Tony Gaze (Ferrari) coming out of Cloverleaf ahead of Reg Hunt (Maserati) and Stafford (Cooper).
The Whitehead and Gaze pit-stops were made on laps 22 and 24 respectively, Whitehead losing 23 seconds on a minor adjustment and Gaze a whole lap while a jammed throttle linkage was cleared. Without their stops they might have forced Bira into an error, but races, like many other things, are won on facts and not on might-have-beens.
About lap 60, Zambucka executed his third spin at College Corner and thereafter never looked like catching up. Frost was then first Kiwi (Stafford had stopped to fit a new chain on lap 57) and was in sixth position overall when Davison stopped with transmission trouble on lap 88. However, a lap later Frost himself had gearbox trouble and was forced to retire, allowing Syd Jensen to fill sixth place, nine laps behind the winner.Bira won by 23 seconds from Whitehead, with Gaze 63 seconds further back in third. Bira's average for the race was 78.75 mph, more than six miles an hour faster than Stan Jones' winning average of the year before, and he and Whitehead shared the fastest lap at 81.29 mph. Both Gaze and Hunt put in laps of 80.43 mph, and once again Brabham in an outmoded car put up a wonderful performance by averaging 76.84 mph for the race to come in ahead of Hunt.
Syd Jensen, whose name was also to crop up increasingly in the records of New Zealand motor sports, pushed his 500 cc Cooper home from beyond College Corner to fill sixth place and take the prize for first New Zealander home.
Lex Davison, however, was not so
lucky. His HWM-Jaguar coughed out on Clevedon Corner, and a weary, grimy Davison pushed it
clean round the course to finish in 9th place, just out the money.
Fred Zambucka (Maserati) about to be overtaken by Brabham (Cooper-Bristol).
Kindest feature of all to an organisation still smarting from its wounds over the placings mix-up of the year before, was the praise given by Dean Delamont, competitions manager of the Royal Automobile Club, who flew out to act as chief steward of the meeting.
There was nothing one could criticise seriously in the arrangements for the 1955 race, he said before leaving, and it was obvious that the teething troubles were over.
And two recommendations he made were to bear immediate fruit, New Zealand drivers should stop putting their money into ancient cars and specials, he said, and buy fewer, better machines. The course should be run clockwise, giving faster lap speeds and better corners.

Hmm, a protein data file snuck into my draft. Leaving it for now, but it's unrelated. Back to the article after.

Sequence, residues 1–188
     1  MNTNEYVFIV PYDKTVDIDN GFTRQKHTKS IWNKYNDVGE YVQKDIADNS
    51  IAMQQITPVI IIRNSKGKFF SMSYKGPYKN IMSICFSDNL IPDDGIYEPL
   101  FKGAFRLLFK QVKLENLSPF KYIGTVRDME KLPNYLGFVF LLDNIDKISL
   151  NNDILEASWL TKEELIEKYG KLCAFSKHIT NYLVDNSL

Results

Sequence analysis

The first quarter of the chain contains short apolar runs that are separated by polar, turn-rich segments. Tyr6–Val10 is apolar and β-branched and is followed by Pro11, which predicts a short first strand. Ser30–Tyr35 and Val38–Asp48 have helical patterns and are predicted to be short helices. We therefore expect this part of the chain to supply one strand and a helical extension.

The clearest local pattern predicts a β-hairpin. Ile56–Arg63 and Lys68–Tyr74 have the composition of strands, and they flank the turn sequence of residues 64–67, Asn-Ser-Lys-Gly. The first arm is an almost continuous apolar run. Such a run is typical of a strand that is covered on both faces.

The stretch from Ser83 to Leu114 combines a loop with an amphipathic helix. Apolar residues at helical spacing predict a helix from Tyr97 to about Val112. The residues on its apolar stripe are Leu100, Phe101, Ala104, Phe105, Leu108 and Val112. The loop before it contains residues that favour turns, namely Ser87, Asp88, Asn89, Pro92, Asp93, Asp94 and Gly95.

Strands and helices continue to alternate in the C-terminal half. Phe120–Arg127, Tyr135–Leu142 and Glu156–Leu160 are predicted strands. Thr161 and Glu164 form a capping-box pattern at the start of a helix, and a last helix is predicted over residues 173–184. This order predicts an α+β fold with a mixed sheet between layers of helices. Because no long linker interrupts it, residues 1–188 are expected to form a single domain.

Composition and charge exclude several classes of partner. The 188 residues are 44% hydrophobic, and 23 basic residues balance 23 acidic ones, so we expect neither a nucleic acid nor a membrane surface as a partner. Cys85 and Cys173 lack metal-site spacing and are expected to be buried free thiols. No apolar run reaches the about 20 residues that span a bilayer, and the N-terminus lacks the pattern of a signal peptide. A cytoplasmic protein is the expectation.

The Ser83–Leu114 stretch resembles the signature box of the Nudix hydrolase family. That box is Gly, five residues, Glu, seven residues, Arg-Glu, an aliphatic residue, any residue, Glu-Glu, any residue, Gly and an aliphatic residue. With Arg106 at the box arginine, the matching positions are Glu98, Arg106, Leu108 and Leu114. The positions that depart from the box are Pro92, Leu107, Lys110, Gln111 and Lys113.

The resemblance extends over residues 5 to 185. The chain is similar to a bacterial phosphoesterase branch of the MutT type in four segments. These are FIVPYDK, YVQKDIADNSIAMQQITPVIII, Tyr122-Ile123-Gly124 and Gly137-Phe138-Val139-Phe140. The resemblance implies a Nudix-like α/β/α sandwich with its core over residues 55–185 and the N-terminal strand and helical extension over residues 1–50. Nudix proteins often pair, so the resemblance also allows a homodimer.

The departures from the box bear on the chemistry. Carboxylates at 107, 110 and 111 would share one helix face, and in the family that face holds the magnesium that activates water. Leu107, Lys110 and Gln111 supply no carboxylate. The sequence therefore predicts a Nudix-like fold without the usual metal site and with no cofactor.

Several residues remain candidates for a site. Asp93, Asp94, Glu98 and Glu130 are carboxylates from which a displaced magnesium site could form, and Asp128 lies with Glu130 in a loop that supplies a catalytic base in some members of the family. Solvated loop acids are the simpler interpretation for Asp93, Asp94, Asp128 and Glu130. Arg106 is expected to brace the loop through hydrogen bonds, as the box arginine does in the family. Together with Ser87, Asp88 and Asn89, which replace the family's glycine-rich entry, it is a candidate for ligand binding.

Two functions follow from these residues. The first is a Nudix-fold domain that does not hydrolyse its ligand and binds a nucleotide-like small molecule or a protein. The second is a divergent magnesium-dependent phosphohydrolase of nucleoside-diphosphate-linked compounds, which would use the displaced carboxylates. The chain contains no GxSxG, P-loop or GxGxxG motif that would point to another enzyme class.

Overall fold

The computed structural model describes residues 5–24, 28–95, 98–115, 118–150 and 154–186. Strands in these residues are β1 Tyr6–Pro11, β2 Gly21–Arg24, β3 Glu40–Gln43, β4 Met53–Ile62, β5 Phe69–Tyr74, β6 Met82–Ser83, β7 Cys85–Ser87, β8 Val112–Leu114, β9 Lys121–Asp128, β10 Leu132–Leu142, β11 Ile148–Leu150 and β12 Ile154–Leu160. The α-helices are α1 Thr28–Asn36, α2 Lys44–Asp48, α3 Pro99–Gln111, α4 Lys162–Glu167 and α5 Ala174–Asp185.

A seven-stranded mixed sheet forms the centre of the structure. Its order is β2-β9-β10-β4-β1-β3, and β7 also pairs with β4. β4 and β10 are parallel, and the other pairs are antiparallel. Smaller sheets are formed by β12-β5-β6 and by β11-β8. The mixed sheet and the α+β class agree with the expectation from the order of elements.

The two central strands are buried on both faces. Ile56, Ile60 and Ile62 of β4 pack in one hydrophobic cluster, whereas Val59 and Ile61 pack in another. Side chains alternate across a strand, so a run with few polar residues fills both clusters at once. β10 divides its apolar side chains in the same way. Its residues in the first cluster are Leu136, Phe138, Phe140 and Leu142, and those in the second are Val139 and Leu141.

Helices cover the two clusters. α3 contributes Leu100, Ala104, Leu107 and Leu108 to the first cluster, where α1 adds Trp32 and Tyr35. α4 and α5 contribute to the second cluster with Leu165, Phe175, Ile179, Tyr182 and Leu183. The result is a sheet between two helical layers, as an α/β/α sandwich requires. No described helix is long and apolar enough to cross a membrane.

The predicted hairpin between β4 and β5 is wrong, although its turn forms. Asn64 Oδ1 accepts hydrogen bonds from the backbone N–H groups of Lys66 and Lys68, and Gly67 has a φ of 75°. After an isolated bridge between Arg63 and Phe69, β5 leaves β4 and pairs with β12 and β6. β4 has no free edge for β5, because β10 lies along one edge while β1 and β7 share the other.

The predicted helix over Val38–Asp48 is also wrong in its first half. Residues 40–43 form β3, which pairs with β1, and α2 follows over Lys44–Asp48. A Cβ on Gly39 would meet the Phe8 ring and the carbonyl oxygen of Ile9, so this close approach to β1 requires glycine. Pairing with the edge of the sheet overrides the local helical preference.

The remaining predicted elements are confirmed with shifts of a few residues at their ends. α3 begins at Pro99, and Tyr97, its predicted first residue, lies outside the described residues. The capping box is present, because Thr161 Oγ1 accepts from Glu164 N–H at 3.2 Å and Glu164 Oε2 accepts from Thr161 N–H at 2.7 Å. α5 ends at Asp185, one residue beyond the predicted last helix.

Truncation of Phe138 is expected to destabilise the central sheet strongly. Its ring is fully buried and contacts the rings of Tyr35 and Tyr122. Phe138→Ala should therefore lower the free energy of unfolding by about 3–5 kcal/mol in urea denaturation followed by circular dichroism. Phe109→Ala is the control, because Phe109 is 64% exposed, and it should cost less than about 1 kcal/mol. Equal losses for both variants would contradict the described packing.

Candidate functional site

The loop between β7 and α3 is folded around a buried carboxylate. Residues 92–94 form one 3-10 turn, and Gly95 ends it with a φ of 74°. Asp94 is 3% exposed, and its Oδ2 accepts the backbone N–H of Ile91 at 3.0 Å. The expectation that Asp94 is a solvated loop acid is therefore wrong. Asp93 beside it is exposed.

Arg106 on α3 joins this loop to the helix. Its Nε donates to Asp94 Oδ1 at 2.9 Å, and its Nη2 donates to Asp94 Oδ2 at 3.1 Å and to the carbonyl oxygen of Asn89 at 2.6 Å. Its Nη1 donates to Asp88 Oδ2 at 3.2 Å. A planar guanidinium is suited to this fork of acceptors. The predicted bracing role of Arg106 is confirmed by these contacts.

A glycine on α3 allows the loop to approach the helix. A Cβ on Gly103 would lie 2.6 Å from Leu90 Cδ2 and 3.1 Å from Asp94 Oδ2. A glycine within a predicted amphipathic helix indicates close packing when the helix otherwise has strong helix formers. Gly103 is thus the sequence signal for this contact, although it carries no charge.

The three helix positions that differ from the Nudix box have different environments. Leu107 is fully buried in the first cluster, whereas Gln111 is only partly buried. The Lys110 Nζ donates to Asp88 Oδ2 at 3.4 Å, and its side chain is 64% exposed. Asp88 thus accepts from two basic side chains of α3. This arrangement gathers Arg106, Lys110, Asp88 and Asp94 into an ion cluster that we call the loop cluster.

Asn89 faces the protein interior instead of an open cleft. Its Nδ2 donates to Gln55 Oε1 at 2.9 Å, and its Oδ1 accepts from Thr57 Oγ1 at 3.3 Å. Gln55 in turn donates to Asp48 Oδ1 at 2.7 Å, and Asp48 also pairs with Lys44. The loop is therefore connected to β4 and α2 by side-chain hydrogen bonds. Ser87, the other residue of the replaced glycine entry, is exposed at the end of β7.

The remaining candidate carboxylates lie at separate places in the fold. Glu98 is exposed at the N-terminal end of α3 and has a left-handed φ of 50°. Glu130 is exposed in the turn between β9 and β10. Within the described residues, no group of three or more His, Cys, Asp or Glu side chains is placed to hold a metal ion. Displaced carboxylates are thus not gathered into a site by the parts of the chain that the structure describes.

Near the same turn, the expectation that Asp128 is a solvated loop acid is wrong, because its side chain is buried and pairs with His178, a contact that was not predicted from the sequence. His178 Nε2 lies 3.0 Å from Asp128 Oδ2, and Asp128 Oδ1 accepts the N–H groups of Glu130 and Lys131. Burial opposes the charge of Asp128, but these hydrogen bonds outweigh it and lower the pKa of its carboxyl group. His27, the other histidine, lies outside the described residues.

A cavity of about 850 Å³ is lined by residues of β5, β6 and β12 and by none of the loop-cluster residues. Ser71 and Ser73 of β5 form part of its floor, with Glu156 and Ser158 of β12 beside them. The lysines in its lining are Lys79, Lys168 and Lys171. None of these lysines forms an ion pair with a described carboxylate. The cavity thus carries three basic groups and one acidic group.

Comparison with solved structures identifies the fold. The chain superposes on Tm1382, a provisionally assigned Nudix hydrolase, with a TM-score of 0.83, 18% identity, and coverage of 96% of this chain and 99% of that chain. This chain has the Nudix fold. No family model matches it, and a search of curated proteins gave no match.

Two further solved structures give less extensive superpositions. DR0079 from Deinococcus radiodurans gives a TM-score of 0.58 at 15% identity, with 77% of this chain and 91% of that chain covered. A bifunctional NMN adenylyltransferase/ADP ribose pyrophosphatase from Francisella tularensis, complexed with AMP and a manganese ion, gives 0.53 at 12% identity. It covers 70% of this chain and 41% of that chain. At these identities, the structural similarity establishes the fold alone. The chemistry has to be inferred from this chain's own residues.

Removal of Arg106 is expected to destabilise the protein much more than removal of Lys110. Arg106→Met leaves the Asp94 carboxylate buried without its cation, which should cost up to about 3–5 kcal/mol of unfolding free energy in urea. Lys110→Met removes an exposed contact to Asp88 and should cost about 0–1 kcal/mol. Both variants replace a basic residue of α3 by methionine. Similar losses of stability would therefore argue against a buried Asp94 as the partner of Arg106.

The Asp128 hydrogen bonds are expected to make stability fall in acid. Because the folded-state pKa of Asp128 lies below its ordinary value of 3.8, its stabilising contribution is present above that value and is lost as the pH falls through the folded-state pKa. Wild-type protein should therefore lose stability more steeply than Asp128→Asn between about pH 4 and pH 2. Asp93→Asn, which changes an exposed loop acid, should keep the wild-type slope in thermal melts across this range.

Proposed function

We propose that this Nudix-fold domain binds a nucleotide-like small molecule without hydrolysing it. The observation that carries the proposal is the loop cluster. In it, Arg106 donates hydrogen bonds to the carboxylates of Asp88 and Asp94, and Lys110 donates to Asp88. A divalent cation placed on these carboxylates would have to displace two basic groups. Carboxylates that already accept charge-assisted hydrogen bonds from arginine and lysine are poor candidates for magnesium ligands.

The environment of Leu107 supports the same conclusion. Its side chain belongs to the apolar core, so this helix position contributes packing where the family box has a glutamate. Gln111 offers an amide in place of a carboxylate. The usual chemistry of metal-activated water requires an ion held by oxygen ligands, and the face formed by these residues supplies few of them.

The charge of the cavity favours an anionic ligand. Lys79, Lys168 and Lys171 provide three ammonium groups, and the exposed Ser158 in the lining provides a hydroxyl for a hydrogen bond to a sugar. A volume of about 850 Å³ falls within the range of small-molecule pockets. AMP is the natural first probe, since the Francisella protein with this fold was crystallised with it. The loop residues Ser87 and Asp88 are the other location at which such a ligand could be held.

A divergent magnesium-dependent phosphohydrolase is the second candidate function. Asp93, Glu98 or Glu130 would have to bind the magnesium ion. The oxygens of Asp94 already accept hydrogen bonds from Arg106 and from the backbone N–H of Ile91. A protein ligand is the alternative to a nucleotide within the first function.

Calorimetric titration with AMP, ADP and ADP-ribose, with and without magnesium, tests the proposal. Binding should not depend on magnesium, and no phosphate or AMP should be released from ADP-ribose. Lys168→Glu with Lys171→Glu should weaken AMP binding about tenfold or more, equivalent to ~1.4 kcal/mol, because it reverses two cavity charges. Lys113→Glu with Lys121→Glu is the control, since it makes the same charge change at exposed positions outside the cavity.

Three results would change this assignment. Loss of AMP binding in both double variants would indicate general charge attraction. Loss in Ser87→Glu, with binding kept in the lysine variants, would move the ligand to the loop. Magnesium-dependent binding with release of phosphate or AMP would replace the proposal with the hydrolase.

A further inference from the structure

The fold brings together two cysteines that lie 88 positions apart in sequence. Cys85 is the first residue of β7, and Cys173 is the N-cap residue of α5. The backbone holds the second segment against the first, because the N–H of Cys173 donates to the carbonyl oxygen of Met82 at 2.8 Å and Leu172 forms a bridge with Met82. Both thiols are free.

Reg McCutcheon (Normac-Chevrolet Special).
Date: 8th January 1955
Distance: 100 laps of 3.0 km (300.00 km)
|1||Prince B Bira||Thai||Maserati 250F / Maserati 2497cc 6cyl||100||2h 40m 12s|
|2||Peter Whitehead||UK||Ferrari 500/625 / Ferrari 2968cc 4cyl||100||2h 40m 35s|
|3||Tony Gaze||Aust||Ferrari 500/625 / Ferrari 2968cc 4cyl||100||2h 41m 38s|
|4||Jack Brabham||Aust||Cooper-Bristol Mk II / Bristol 1971cc 6cyl||98|
|5||Reg Hunt||Aust||Maserati A6GCM / Maserati 2497cc 6cyl||97|
|6||Syd Jensen||NZ||Cooper Mk VII / Norton 498cc 1cyl||91|
|7||Fred Zambucka||NZ||Maserati 8CM / Maserati 2992cc 8cyl s/c||89|
|Ret||Ron Frost||NZ||Cooper Mk VIII / Norton 498cc 1cyl||89||Gearbox|
|8||George Palmer||NZ||Jackson-Mercury / Mercury 4118cc V8||88|
|Ret||Lex Davison||Aust||HWM F2 / Jaguar 3442cc 6cyl||88||Transmission|
|9||Ross Jensen||NZ||Triumph TR2 / Triumph 1991cc 4cyl||86|
|10||Dick Cobden||Aust||Ferrari 125 / Ferrari 1995cc V12 s/c||86|
|11||Arnold Stafford||NZ||Cooper Mk VIII / Norton 498cc 1cyl||85|
|12||Phil Neill||NZ||Austin-Healey 100 / Austin 2660cc 4cyl||83|
|13||Peter Mclnally||NZ||Austin-Healey 100 / Austin 2660cc 4cyl||80|
|14||Des McDonagh||NZ||Thomas-Mercury / Mercury 4100cc V8||75|
|Ret||Ron Roycroft||NZ||Alfa-Romeo Tipo B / Alfa 2905cc 8cyl s/c||58||Valve|
|15||John Horton||NZ||HWM F1 / Alta 1960cc 4cyl s/c||55|
|Ret||John McMillan||NZ||Alfa-Romeo Tipo B / Alfa 2905cc 8cyl s/c||33|
|Ret||Bill Lee||NZ||Cooper Mk VI / Norton 498cc 1cyl||30|
|Ret||Les McLaren||NZ||Austin-Healey 100 / Austin 2660cc 4cyl||30|
|Ret||Bill Culver||NZ||DeSoto Special / DeSoto 3368cc 6cyl||19||Engine|
|Ret||Reg McCutcheon||NZ||Normac Special / Chevrolet 3870cc 6cyl||17||Frost Plug|
|Ret||Stan Coffey||Aust||Cooper-Bristol Mk I / Bristol 1971cc 6cyl||16||Oil Pressure|
|Ret||Gordon Brown||NZ||GBS / Ford 1172cc 4cyl||9||Engine|
|DNS||George Smith||NZ||GeeCeeEss / Chrysler 5600cc V8|
|DNS||Wally Bern||NZ||Triumph TR2 / Triumph 1991cc 4cyl|
|DNS||Tony Shelly||NZ||Morgan plus 4 / Vanguard 2088cc 4cyl|
|DNS||Johnny Mansel||NZ||Mansel Special / Mercury 3950cc V8|
Fastest Lap: Bira and Whitehead 1m 33s.